The Top 6 Dysfunctional Doors of Jessica Jones

I assume others must have written on the use of doors as character motifs in Netflix’s Jessica Jones series but I feel I must add my five-cents* also. Not every character gets a signature door but most of the key characters do and each door seems loaded with significance. As some doors are connected to plot points and one only appears later in the series, spoilers are below the fold.

  • Luke Cage’s bar door. Jessica initially only relates to Luke via windows as she snoops on his activities. However, eventually he speaks to he after stepping out from the door to his bar. Luke’s door is not technically the door to his home but then Luke is a character who has wandered in from a different story. As doors go, it works just fine. It has a window, it isn’t locked and people come and go through it without any problems. It’s the most functional door in the series. Luke, despite being torn by grief, consumed by doubt and cut-off from his past, is also surprisingly together as a person.
  • Hogarth’s office door. Jeri Hogarth (played wonderfully by Carrie-Anne Moss) is the ruthless and cynical lawyer who keeps Jessica in steady employment. Physically her office door has no technical faults but it never seems to manage to do what it needs to do – which is keep people out of Hogarth’s office. Interrupted by her ex-wife, girl-friend, personal-assistant and Jessica Jones (and that’s only three people), the door doesn’t manage to live up to Hogarth’s exacting expectations.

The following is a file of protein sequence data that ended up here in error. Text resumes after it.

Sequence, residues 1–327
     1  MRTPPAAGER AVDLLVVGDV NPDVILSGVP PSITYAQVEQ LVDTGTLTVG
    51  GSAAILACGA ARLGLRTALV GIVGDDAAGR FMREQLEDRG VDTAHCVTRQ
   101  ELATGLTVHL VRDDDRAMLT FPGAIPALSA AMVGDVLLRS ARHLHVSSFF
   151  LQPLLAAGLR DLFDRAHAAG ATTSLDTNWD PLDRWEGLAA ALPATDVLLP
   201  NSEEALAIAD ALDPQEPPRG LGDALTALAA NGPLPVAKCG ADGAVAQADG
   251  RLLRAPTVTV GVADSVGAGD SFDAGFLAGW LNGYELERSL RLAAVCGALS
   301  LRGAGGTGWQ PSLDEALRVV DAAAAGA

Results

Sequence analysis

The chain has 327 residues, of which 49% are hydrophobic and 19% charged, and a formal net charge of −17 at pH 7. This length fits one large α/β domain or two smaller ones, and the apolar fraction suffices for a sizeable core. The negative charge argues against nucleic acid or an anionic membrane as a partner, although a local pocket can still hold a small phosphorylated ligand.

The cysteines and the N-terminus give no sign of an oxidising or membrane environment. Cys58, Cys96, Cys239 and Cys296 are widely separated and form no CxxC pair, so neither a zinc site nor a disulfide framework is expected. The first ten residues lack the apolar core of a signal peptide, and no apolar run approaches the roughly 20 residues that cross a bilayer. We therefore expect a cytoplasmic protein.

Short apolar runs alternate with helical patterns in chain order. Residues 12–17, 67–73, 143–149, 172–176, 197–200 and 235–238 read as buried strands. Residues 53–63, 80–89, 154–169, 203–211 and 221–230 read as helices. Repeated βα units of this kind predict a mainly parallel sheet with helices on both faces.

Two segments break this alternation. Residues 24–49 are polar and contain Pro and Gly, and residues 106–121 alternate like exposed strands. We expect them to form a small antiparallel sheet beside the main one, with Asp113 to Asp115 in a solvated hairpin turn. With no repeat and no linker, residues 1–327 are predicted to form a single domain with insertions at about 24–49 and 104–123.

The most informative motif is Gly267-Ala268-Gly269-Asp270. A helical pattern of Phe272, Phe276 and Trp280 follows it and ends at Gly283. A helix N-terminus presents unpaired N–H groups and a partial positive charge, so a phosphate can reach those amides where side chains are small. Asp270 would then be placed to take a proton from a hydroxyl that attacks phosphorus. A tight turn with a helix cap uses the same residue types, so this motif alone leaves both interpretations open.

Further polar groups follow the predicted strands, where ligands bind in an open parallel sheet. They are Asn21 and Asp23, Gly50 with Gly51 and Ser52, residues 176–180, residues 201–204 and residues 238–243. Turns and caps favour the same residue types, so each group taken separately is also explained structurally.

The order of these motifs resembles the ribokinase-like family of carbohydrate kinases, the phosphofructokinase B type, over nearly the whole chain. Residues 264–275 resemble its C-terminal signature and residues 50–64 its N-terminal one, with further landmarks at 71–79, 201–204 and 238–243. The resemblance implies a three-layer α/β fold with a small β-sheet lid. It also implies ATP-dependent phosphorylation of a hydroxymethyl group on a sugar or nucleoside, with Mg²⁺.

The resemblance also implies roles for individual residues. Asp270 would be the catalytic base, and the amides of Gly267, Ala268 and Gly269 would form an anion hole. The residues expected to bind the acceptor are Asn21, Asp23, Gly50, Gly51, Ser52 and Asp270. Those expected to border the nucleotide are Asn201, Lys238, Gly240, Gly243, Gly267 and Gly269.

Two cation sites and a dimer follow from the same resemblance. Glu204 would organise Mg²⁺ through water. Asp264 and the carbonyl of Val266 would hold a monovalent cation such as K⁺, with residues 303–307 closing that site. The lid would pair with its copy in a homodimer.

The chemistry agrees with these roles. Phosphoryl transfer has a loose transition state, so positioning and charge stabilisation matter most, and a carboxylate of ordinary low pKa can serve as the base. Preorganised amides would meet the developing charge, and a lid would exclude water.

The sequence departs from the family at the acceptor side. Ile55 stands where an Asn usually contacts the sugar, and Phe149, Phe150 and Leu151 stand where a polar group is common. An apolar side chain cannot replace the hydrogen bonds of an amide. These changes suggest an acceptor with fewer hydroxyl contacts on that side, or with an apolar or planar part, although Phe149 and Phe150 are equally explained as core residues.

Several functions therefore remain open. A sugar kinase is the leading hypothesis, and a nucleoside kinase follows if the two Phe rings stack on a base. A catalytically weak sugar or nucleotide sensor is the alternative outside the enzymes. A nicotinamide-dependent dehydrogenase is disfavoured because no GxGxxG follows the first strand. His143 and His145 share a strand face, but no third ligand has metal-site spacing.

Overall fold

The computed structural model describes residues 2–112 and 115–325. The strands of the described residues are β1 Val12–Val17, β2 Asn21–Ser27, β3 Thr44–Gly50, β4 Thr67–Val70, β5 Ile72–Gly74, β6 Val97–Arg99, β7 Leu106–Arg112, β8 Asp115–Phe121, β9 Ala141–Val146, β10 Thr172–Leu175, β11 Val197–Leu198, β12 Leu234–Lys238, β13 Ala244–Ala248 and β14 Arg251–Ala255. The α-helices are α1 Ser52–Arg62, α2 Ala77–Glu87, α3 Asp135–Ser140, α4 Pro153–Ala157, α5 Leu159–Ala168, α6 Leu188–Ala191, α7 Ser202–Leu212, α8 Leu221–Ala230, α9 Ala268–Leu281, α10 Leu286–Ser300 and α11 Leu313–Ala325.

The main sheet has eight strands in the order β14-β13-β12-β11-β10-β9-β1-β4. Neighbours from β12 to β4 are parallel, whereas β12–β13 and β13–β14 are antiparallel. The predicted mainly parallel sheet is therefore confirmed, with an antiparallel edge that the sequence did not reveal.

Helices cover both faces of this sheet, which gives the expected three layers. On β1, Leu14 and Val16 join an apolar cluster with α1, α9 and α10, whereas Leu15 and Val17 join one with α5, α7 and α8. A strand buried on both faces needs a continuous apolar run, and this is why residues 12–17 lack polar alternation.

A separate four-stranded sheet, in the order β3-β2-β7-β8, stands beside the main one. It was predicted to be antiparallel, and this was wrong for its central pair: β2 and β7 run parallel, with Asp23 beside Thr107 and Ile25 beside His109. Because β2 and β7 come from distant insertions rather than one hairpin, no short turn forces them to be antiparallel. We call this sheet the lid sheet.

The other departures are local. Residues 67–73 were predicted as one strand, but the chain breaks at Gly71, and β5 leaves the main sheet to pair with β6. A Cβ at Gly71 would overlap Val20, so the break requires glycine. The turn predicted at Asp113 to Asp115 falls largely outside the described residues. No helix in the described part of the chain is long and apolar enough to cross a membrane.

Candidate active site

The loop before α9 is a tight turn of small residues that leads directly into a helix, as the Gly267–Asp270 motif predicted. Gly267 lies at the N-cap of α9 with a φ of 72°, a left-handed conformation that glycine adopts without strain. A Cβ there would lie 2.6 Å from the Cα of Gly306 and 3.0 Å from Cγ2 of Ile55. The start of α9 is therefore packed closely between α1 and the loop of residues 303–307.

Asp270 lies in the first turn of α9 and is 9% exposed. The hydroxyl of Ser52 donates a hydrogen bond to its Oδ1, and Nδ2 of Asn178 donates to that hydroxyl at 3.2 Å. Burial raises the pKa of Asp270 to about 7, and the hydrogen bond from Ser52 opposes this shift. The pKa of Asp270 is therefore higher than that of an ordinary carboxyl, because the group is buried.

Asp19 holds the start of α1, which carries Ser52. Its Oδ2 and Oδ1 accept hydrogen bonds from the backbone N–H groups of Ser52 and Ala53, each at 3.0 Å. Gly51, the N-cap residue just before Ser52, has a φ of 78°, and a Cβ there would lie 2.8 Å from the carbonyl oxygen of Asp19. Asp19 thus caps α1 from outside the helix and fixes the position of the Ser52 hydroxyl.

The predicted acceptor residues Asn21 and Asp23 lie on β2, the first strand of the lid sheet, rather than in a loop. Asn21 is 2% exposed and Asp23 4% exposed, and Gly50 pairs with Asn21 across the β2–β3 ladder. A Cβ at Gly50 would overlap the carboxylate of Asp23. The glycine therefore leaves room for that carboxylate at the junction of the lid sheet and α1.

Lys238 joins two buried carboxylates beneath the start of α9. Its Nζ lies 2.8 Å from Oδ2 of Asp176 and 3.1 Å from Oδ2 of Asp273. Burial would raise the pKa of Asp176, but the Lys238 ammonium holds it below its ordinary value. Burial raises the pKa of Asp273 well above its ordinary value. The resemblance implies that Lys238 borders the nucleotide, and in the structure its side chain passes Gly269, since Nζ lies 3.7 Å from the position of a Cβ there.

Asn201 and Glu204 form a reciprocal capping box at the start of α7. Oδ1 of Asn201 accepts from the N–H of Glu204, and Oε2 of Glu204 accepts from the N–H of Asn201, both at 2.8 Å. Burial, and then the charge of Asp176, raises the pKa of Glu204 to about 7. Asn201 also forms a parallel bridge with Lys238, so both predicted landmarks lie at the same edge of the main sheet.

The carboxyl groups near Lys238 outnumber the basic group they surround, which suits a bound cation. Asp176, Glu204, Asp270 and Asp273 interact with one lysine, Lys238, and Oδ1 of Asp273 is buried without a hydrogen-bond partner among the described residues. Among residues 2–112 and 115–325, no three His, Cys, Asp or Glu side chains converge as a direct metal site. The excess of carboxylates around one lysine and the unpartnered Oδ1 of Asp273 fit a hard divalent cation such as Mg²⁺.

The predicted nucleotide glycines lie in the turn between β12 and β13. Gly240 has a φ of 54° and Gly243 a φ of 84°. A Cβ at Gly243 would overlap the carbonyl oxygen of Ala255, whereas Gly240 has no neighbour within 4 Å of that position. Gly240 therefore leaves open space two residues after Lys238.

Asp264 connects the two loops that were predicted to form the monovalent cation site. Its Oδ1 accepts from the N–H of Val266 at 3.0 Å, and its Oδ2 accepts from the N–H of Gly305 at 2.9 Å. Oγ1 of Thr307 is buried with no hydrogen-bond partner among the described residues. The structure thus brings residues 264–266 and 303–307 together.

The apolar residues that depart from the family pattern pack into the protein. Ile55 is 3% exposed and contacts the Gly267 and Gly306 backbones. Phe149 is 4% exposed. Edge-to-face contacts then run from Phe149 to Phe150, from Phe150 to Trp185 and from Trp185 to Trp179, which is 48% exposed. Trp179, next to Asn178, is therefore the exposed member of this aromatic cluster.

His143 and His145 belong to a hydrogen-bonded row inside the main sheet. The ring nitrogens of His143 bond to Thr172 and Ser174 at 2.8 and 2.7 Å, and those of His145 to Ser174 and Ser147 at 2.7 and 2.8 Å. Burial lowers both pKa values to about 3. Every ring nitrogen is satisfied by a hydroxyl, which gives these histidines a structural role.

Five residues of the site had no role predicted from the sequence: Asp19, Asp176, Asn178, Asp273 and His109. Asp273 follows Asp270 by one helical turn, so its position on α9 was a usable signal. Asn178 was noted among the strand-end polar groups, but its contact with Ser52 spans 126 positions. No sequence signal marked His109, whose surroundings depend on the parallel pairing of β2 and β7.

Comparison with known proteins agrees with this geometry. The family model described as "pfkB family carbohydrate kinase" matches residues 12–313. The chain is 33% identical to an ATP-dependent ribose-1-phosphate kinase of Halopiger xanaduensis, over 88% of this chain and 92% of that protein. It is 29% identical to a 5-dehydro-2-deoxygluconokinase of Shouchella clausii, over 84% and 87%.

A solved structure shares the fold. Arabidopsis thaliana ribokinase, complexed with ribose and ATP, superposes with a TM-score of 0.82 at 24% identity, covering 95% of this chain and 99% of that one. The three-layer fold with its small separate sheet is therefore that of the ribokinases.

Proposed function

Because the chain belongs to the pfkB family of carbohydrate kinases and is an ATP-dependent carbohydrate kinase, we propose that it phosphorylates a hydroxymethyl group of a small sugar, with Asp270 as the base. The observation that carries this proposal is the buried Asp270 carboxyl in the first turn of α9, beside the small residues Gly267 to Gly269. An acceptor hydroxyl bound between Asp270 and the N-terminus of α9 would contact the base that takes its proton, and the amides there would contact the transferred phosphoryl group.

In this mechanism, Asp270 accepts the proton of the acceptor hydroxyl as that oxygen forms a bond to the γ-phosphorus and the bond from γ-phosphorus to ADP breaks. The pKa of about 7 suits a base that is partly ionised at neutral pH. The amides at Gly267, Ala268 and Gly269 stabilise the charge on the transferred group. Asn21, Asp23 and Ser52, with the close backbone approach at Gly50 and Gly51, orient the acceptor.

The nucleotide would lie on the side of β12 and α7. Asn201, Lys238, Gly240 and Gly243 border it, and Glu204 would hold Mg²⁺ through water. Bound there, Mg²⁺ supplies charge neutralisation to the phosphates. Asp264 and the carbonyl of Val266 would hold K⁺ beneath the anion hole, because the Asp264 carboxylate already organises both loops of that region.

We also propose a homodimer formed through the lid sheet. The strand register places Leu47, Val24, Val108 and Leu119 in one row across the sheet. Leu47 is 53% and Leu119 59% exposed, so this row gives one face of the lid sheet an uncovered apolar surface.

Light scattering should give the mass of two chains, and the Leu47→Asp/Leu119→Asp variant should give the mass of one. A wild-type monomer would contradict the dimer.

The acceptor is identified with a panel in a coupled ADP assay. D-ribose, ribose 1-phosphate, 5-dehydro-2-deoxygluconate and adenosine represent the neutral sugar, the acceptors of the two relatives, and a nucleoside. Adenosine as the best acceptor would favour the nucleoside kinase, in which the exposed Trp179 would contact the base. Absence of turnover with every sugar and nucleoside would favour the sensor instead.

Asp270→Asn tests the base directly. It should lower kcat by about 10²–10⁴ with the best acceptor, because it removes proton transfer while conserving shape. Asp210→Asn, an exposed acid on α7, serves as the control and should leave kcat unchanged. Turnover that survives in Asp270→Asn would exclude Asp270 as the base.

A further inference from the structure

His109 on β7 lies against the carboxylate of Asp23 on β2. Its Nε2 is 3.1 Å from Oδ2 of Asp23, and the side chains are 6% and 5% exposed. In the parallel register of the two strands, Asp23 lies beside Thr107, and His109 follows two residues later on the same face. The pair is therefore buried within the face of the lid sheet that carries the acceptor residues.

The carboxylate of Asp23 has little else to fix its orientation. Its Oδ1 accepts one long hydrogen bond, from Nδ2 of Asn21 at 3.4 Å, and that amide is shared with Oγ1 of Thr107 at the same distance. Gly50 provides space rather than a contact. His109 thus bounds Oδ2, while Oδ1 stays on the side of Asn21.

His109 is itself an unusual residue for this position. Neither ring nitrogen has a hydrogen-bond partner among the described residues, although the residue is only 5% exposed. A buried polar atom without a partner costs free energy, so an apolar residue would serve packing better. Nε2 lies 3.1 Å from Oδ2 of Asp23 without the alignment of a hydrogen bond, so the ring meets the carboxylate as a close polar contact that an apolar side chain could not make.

• Malcom’s apartment door. The door itself is fine, it is Malcom that has the problem. Addled by addiction, Malcom stuggles to open his door every time he heads home from whatever he is doing during the day. It is normally Jessica who helps him get through his own door (at least for the first two thirds of the series).

Those doors are the relatively normal doors. The next three are something else.

  • Trish’s security door. If each of these doors were characters in their own superhero series, Tish’s door would be the superpowered main character. Her door is nigh on invulnerable and survives an attempted battering with a ram (and maybe gun fire as well? Can’t quite recall if it gets shot at). There’s no plot connection between Trish’s door and Luke Cage but it has his powers and demeanour – although the metaphor is probably intended to relfect Jessica’s physical strength and protectiveness of Trish. No window, no peephole even, the only way to see past the door is from the inside via a security camera.
  • Killgrave’s isolation tank airlock door. The conceptually disturbing villain is largely without doors for most of the series. Indeed, he is more often shown outdoors than within them – strolling through streets or sitting outside cafes. Indoors he is more usually seen in restaurants and dining rooms. This changes when Jessica finally catches him and imprisons him in an abandoned CDC facility. Killgrave is kept in a glassed isolation tank, seperated from everyone by two hermetically sealed steel doors with their own windows and wheel locks.
  • Jessica’s office door. The door is always close to becoming unhinged. The frosted window is repeatedly smashed and the door is often broken by Jones herself. The father of Hope Shlottman offers to fix Jessica’s door, Trish provides a new pane of glass for it as a gift but the door never stays in one piece for very long. Yet, the door is never completely absent or ever irreprably broken.

Next time: the metaphor of tables in Iron Fist.

*[two-cents is not a quantity that can actually be expressed in Australian coinage]

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